1. A separate date
Easter is one of the two biggest Christian holidays worldwide, but it originated long before organized religion, as a celebration of spring, joy and rebirth. There's no fixed date in the calendar for it: in Western Christianity (the Catholic and Protestant denominations), according to the Gregorian calendar, Easter always falls on a Sunday between March 22nd and April 25th, following the first astronomical full moon after the spring equinox; Eastern Christianity, on the other hand, bases its calculations on the Julian Calendar, which is currently behind the Gregorian one by 13 days. Orthodox Easter therefore varies between April 4th and May 8th, so it rarely overlaps with the Western one, and mostly falls later in the year.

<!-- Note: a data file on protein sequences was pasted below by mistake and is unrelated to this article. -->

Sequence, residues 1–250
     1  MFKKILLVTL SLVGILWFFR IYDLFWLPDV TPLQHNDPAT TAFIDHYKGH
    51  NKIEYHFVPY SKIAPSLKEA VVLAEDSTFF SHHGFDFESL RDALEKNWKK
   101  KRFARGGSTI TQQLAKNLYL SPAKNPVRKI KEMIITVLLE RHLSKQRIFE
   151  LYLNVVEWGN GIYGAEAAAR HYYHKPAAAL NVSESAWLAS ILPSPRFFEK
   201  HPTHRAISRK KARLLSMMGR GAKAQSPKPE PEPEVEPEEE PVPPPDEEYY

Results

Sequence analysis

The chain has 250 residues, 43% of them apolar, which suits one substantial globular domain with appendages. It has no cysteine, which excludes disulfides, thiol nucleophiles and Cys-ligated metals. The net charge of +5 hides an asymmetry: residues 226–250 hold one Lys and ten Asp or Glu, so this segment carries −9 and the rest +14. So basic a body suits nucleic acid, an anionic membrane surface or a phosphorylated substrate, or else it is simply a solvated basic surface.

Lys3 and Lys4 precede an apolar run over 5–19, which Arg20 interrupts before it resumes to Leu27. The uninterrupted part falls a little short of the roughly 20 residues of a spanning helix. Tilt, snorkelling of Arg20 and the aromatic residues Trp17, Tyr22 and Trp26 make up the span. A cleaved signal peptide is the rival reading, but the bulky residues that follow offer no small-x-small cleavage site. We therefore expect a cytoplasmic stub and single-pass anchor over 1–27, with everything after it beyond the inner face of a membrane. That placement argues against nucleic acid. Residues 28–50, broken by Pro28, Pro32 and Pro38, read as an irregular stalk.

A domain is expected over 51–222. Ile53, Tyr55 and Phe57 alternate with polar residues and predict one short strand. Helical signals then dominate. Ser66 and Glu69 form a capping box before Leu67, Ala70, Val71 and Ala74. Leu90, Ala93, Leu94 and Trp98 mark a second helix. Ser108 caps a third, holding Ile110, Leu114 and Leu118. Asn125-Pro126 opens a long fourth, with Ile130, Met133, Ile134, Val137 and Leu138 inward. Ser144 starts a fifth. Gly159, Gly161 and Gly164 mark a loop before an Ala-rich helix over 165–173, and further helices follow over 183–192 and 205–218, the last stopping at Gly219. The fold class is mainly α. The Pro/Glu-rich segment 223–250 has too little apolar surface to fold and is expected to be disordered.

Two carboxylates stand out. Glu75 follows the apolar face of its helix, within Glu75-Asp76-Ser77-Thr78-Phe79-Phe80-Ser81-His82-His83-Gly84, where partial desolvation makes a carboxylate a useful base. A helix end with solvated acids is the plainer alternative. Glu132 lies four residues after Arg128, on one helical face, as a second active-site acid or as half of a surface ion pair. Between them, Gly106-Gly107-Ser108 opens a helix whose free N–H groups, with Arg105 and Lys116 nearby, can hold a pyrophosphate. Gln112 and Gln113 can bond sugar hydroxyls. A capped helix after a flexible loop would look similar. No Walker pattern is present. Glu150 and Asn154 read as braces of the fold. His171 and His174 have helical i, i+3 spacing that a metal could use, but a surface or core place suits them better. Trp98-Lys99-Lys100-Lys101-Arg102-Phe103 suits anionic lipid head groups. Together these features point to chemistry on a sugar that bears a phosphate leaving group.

While we've been assaulted for weeks now by images of chocolate eggs and bunnies in store window displays, few Montrealers for whom Easter is a religious holiday seem to care much about the religious aspect of it - they just enjoy their day off, eat a lavish lunch and spend time with families. On the contrary, for Orthodox communities (mostly Russian, Ukrainian, Romanian, Bulgarian, Greek and Coptic) in the city, this is the most important holiday of the year. It seems fitting that they would have a separate date to celebrate it.